Timberwolves

What Will the Minnesota Timberwolves Do If They Get The No. 1 Pick?

Photo credit: Brad Penner (USA TODAY Sports)

As I write this, there is a man working on our air conditioner and someone on Facebook Marketplace is messaging me about a “vintage door” that I’m selling for $25.

Spoiler alert: I don’t actually think it’s a vintage door! I just think it’s a normal door that has had better days.

Welcome to owning a house, baby!

Also, Facebook Marketplace is the weirdest place on earth and 70% of the time people do not show up to pick up the item you are selling. This is a new world for me.

This article isn’t about houses, though, or odd people on Facebook Marketplace. This is about #SPORTS.

I haven’t had much time to think or read about sports lately, and I guess that’s probably the same for everyone. But we’re getting closer! The MLB starts later this week. The WNBA starts over the weekend and the NBA starts in 10 days.

When it comes to Minnesota Timberwolves’ news, there’s really not a lot going on. The main talker is whether or not the Brooklyn Nets can win a game or two in Orlando to ensure the Wolves keep the first-round pick they acquired at the trade deadline. While we love Jamal Crawford, that’s not super riveting.

The Timberwolves have another first-round pick, though. One that is much more valuable: Their own pick!

The Wolves collect lottery picks the way college kids collect empty bottles of cheap vodka. And just like those bottles of cheap vodka, it’s mostly sadness after the initial misguided joy.

Just in the last seven seasons, the Timberwolves have qualified for the lottery six times. While that has netted them Zach LaVine, Karl-Anthony Towns and Lauri Markkanen (although he was never really a Timberwolf), it’s been the same song and dance for the Timberwolves. Once again, the Wolves find themselves with the highest odds (along with the Golden State Warriors and Cleveland Cavaliers) to land the No. 1 pick at 14%.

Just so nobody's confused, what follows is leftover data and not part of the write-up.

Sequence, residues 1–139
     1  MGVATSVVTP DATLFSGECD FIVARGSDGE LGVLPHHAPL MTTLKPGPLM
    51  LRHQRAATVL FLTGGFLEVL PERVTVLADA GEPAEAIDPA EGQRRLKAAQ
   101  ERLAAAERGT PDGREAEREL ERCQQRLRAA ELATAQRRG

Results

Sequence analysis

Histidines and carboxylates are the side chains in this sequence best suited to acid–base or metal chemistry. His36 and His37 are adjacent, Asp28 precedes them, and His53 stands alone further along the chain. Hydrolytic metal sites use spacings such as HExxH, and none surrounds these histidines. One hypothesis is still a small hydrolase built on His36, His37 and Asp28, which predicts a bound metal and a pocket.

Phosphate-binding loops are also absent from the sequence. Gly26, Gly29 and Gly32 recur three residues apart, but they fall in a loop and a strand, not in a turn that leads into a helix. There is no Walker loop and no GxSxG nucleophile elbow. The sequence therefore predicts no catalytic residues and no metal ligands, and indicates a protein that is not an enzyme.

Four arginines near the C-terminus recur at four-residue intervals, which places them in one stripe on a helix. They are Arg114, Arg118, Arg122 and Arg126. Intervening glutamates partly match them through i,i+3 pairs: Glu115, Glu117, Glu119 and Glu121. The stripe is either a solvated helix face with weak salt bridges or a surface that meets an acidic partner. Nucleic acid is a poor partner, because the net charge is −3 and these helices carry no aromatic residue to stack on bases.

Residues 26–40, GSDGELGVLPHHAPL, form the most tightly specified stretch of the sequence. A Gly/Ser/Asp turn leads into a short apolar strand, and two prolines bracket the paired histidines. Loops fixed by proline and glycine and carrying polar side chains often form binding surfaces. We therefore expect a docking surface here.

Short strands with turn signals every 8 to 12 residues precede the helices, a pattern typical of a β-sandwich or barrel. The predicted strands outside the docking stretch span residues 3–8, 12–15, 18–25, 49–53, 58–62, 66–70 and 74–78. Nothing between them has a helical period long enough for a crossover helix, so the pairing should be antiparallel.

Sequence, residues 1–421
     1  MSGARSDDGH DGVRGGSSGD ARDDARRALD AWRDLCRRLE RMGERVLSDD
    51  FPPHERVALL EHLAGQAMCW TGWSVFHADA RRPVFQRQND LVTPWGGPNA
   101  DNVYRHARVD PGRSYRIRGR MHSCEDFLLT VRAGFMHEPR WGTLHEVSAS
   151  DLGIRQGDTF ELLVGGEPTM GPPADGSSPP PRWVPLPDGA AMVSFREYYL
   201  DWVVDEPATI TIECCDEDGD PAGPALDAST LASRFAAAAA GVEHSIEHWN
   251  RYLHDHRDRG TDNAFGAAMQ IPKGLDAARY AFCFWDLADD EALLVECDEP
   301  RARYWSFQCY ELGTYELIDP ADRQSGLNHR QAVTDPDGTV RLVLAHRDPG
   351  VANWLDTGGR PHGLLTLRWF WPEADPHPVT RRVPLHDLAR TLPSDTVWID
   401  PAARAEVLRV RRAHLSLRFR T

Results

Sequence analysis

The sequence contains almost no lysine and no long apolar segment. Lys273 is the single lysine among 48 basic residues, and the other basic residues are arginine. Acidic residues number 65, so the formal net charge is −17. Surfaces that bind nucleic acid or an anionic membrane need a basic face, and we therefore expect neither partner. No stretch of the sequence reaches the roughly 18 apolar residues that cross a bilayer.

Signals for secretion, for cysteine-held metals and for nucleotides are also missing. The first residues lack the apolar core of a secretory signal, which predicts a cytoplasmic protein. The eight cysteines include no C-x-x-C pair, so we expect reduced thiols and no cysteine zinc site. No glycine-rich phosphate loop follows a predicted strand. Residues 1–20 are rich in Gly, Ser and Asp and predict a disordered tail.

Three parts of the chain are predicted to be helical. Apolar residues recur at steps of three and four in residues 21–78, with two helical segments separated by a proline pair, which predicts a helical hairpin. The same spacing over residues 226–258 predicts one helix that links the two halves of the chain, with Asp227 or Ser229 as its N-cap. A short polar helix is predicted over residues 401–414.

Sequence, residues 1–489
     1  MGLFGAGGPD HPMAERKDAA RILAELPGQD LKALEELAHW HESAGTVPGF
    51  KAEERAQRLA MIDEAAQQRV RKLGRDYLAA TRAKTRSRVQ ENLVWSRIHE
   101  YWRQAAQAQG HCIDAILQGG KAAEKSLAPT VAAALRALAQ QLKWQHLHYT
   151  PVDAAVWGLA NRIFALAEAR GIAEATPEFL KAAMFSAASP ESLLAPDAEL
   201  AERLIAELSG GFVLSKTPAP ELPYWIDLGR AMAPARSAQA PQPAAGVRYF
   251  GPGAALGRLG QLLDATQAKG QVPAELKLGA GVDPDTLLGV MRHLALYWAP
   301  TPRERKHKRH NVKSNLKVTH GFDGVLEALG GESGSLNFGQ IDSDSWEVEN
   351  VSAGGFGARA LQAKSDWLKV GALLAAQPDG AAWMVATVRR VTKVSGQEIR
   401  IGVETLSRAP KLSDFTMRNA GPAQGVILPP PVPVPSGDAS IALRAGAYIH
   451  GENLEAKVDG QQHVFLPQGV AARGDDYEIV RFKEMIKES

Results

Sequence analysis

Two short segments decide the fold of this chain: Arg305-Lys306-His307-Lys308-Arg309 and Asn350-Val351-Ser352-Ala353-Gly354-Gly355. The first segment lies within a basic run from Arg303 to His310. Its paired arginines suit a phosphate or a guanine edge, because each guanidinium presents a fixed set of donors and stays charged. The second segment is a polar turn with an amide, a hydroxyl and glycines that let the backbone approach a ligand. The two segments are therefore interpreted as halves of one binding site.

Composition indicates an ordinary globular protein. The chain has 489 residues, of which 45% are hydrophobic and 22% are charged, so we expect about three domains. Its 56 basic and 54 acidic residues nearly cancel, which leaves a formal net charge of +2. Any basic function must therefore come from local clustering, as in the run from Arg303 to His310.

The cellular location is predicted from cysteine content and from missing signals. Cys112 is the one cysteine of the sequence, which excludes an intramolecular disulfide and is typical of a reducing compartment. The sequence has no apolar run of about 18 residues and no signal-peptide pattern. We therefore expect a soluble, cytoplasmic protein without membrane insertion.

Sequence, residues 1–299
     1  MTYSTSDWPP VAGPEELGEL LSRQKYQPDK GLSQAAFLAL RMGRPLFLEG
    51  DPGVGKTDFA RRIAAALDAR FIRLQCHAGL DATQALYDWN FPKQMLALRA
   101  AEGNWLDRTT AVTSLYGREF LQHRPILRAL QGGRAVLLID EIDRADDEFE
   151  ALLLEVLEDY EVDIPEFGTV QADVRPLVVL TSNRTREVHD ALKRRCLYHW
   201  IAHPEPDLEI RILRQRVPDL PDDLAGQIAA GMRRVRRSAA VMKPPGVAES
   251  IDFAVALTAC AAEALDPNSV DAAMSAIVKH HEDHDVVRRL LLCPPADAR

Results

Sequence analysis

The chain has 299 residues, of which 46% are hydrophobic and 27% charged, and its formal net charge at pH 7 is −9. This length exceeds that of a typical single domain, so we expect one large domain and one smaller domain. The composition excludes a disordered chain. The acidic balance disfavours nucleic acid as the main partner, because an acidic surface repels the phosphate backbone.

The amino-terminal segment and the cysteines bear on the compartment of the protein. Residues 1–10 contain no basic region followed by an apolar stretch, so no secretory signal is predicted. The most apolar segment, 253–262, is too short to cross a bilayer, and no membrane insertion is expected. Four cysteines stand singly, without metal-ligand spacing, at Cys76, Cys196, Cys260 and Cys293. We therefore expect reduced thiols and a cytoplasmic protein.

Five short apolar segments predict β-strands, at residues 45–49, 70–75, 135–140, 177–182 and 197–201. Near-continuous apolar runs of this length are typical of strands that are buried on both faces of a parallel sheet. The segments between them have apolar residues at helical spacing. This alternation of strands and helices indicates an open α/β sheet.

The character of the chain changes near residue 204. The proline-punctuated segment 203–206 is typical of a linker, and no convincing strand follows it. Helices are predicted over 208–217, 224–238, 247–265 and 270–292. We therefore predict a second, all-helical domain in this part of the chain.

The Timberwolves have had the No. 1 pick once in franchise history, and that was in 2015 when they took Towns. I’m not here for the “empty stats” debate. Towns is the best player in that draft class and it’s not particularly close. That hasn’t equaled winning, though.

There’s no Towns or clear-cut franchise player in this draft.

So, if the Timberwolves do end up with the No. 1 pick, what will they do with it?

Trade It!

If you polled 100 Timberwolves’ fans, I’m guessing 80 of them would push for a trade with this pick. A lot has to do with the talent in the draft class, but even more is about the talent that could be available on the trade market. If we’ve learned anything about Gersson Rosas so far it’s that he’s not afraid to shake things up. And by shake things up I mean drench the room in gasoline before lighting a match and watching it all burn down.

Could the Timberwolves trade James Johnson, the No. 1 pick and Malik Beasley to the Suns for Devin Booker? What about that same trade for Bradley Beal? I haven’t started the trade machine (shoutout to you, Sachin Gupta!) and I’m not sure if these salaries match up, but these seem like deals that could be on the table, especially if Booker or Beal demand a trade.

With Booker, you’d basically be forfeiting ever becoming a good defensive team, but if you score 180 points per game, who cares?

What about the Stepien Rule, you ask, which forbids teams from trading back-to-back first-round picks? The Timberwolves don’t have their 2021 first-round pick, which went to the Warriors along with Andrew Wiggins as part of the D’Angelo Russell deal. But if the Timberwolves end up getting the Nets’ first-round pick, that offsets and the Stepien Rule doesn’t come into play.

These are the two players to watch as Rosas goes star-hunting this summer. If the Wolves end up getting the No. 1 pick in the lottery, that puts them in a very good position to land another big-time player to star with Towns and D’Angelo Russell.